Orfeo E Eurydice

In three acts by GLUCK.


This opera is the oldest of all we possess in our repertoire. Gluck

had already written more than forty operas, of which we do not even

know the names now, when he composed his Orfeo, breaking with the old

Italian traditions and showing a new and more natural taste. All the

charm of Italian melody is still to be found in t
is composition, but

it is blent with real feeling, united to great strength of expression

and its value is enhanced by a total absence of all those superfluous

warbles and artificial ornaments, which filled the Italian operas of

that time. The libretto, taken from the old and beautiful Greek

tragedy, is as effective as the music.

Orpheus, the celebrated Greek musician and singer has lost his wife

Eurydice. His mournful songs fill the groves where he laments, and

with them he touches the hearts not only of his friends but of the

gods. On his wife's grave Amor appears to him, and bids him descend

into Hades, where he is to move the Furies and the Elysian shadows with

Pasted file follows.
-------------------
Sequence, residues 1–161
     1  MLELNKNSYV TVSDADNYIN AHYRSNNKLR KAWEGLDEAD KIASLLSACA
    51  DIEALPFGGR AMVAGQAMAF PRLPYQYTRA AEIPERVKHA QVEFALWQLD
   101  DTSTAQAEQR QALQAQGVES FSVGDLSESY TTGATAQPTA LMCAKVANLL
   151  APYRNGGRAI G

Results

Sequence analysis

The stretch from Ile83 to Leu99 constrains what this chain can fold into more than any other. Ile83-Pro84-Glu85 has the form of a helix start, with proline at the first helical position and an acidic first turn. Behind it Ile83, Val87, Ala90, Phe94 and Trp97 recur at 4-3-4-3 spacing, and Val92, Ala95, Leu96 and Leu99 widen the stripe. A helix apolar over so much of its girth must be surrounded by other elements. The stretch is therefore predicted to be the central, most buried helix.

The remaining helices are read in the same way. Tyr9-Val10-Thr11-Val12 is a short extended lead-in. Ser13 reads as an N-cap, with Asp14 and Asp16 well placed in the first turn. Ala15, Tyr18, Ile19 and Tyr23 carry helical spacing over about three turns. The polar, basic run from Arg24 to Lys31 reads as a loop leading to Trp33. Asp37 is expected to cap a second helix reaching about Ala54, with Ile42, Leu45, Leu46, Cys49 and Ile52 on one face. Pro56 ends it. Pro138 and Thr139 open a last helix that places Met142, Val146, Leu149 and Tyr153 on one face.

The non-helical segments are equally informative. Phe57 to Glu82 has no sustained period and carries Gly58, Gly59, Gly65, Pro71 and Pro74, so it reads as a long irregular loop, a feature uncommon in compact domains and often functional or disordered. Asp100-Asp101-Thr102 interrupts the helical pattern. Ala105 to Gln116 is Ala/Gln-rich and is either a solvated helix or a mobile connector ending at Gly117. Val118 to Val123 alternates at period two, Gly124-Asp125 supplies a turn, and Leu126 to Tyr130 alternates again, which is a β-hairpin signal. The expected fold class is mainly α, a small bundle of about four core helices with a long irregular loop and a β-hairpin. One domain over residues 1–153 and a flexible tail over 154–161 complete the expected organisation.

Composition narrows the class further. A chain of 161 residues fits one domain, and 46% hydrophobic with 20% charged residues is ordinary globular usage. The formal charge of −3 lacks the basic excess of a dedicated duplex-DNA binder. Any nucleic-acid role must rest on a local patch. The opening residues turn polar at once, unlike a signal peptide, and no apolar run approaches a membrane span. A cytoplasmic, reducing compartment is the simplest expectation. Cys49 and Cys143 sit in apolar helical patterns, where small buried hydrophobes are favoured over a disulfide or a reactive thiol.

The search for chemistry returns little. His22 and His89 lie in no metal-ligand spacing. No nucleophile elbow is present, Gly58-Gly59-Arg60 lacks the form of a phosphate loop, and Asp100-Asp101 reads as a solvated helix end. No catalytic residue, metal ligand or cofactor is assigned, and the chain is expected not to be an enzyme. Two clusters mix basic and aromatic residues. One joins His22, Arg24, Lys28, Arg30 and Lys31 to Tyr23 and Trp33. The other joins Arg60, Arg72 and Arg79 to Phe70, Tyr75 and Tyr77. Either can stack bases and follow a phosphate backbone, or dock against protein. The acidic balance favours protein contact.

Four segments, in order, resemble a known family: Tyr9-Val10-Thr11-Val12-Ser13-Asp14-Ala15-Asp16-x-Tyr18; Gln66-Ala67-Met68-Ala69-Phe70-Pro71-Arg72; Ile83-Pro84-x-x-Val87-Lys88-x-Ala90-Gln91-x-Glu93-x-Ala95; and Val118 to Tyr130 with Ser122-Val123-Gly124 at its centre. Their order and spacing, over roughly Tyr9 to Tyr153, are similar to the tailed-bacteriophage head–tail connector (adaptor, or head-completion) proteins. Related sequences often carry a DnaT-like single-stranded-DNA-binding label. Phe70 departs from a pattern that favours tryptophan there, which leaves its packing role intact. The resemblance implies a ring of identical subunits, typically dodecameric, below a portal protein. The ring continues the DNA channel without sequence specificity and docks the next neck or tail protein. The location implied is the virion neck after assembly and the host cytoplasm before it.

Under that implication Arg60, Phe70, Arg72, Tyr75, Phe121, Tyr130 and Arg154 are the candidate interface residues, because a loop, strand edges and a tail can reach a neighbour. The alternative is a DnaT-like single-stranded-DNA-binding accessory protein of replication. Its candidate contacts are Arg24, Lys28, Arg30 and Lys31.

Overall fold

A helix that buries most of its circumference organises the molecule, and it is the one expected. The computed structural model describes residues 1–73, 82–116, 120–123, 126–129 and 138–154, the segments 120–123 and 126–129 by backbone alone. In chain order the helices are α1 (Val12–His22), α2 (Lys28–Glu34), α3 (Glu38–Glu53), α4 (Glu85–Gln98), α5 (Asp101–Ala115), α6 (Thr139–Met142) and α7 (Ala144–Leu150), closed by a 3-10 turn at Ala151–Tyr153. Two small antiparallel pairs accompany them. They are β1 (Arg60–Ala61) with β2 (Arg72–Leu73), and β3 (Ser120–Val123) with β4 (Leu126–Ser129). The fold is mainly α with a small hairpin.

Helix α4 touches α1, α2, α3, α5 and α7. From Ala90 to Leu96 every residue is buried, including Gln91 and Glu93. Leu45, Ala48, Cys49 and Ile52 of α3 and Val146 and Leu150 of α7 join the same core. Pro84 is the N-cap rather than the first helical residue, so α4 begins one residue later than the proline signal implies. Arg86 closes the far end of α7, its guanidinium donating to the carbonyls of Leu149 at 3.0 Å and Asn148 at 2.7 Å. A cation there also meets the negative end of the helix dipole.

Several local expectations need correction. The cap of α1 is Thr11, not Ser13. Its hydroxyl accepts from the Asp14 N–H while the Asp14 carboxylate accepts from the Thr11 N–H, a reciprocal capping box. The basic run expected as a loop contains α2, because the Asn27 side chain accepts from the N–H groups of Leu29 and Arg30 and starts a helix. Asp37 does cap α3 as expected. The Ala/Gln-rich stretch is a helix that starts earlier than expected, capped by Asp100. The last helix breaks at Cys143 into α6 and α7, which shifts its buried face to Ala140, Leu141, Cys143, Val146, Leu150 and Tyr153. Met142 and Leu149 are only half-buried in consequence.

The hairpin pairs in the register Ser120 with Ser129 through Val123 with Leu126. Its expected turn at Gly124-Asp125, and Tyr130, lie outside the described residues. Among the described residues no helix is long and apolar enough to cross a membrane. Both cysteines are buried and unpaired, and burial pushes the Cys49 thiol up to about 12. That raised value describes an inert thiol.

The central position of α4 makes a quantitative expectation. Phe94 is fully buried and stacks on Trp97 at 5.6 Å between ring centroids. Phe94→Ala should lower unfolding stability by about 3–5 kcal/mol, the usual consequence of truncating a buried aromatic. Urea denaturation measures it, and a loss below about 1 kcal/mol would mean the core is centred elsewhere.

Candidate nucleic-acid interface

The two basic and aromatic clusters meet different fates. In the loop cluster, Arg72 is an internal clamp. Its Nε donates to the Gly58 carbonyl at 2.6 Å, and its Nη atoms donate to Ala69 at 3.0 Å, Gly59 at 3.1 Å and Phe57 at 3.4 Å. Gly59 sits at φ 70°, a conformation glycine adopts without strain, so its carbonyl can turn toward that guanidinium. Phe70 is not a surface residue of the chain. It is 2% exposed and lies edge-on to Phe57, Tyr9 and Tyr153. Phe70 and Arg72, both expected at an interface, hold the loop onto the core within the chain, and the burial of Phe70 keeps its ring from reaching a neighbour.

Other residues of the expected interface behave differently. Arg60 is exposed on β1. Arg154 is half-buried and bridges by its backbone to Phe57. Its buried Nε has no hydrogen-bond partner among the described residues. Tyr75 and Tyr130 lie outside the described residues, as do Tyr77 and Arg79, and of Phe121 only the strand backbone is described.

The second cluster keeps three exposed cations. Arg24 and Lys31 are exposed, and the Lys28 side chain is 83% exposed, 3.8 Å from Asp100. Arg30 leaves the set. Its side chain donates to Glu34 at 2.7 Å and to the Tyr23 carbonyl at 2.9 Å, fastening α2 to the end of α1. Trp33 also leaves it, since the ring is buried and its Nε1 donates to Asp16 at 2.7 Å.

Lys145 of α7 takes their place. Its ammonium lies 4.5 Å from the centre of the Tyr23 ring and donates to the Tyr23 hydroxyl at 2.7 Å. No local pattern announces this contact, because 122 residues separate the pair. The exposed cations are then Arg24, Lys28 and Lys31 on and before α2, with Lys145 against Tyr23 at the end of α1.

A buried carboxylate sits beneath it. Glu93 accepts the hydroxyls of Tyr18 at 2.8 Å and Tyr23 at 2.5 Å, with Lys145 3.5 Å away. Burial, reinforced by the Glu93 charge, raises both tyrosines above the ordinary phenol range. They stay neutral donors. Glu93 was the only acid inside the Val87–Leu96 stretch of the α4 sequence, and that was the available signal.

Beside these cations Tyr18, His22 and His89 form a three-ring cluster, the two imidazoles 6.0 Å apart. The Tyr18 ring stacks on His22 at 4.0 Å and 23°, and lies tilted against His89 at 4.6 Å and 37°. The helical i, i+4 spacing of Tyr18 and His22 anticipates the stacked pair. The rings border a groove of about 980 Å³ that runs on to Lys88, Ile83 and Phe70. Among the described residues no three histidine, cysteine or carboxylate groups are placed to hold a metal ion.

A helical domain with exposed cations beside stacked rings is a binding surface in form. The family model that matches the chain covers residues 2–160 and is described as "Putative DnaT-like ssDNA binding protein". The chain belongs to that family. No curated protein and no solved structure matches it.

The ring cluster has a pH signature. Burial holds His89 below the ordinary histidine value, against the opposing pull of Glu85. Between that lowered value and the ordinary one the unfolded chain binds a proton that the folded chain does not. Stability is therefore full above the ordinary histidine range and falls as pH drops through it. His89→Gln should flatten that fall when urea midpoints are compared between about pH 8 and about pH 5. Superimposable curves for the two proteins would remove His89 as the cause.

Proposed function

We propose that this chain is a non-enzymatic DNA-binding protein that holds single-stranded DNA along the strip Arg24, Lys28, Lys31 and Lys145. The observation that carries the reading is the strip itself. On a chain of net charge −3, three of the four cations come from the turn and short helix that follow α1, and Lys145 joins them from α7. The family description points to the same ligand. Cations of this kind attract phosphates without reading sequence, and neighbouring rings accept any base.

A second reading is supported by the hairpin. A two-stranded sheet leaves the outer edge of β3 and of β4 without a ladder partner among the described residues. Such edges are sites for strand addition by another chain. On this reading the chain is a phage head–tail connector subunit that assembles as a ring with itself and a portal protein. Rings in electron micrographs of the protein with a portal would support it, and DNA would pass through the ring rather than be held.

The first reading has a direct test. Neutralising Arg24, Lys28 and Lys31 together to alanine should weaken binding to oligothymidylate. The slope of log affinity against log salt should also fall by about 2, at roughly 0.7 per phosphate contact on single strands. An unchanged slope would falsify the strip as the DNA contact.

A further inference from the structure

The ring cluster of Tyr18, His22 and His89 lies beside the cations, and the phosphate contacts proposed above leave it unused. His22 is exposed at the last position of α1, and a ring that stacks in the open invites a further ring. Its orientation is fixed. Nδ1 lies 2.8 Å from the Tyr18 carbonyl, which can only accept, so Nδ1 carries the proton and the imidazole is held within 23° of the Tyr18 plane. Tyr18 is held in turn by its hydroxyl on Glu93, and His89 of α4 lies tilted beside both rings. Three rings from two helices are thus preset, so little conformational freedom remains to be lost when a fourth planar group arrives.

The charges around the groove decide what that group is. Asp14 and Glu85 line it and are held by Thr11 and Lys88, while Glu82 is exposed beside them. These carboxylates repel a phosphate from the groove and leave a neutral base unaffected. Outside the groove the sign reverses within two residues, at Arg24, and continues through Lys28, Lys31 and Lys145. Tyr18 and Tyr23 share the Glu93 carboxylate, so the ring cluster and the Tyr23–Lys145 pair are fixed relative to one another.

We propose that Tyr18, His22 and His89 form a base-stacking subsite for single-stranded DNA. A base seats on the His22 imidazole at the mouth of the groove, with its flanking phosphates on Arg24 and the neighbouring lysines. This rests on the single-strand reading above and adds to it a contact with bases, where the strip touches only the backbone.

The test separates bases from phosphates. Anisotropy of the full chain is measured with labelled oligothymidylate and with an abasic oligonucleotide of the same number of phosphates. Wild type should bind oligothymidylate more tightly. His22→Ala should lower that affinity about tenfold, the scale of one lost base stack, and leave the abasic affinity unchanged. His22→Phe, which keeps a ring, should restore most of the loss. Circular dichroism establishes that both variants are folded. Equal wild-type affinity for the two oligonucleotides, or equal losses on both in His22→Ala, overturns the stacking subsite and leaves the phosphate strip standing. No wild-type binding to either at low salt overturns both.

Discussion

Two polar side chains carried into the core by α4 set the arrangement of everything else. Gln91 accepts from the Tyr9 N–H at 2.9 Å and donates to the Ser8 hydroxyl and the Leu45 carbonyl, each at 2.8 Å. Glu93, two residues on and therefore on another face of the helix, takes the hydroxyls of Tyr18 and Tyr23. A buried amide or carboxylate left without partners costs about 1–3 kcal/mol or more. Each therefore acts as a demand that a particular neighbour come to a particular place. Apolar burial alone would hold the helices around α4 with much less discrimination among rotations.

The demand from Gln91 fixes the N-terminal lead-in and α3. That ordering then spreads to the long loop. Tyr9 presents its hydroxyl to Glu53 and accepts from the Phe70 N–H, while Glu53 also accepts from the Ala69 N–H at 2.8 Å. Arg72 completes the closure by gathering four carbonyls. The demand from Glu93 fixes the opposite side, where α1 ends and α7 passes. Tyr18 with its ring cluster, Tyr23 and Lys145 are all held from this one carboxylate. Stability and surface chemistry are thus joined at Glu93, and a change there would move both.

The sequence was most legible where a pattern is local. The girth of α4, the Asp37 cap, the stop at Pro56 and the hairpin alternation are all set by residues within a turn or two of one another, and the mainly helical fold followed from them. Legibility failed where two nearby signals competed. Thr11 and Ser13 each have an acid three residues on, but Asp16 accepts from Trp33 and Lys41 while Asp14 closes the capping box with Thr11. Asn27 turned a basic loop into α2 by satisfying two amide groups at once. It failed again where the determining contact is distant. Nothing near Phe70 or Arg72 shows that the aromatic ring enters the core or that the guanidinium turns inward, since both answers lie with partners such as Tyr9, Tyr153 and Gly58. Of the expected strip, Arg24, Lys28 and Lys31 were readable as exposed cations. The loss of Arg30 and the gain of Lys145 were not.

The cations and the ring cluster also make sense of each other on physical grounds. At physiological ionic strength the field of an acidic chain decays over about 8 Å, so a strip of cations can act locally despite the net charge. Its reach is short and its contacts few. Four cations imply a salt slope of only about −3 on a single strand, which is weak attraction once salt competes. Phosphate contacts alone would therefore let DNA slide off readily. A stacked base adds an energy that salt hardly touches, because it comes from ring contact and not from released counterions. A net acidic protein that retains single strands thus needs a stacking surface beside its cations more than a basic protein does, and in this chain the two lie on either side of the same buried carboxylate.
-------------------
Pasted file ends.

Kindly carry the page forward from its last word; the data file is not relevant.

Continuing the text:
his sweet melodies, and win back from them his lost wife.

He is to recover her on a condition, which is, that he never casts a

look on her on their return to earth, for if he fail in this, Eurydice

will be for ever lost to him.

Taking his lyre and casque Orpheus promises obedience and with renewed

hope sallies forth on his mission. The second act represents the gates

of Erebus, from which flames arise. Orpheus is surrounded by furies

and demons, who try to frighten him; but he, nothing daunted, mollifies

them by his sweet strains, and they set free the passage to Elysium,

where Orpheus has to win the happy shadows. He beholds Eurydice among

them, veiled, the happy shadows readily surrender her to him, escorting

the pair to the gates of their happy vale.

The third act beholds the spouses on their way back to earth. Orpheus

holds Eurydice by the hand, drawing the reluctant wife on, but without

raising his eyes to her face, on and on through the winding and obscure

paths, which lead out of the infernal regions. Notwithstanding his

protestations of love and his urgent demands to her to follow

him, Eurydice never ceases to implore him to cast a single look on her,

threatening him with her death, should he not fulfil her wish.

Orpheus, forbidden to tell her the reason of his strange behaviour,

long remains deaf to her cruel complaints, but at last he yields, and

looks back, only to see her expire under his gaze. Overwhelmed by

grief and despair Orpheus draws his sword to destroy himself, when Amor

appears, and stays the fatal stroke.

In pity for Orpheus' love and constancy he reanimates Eurydice

(contrary however to the letter of the Greek tragedy) and the act

closes with a beautiful chorus sung in Amor's praise.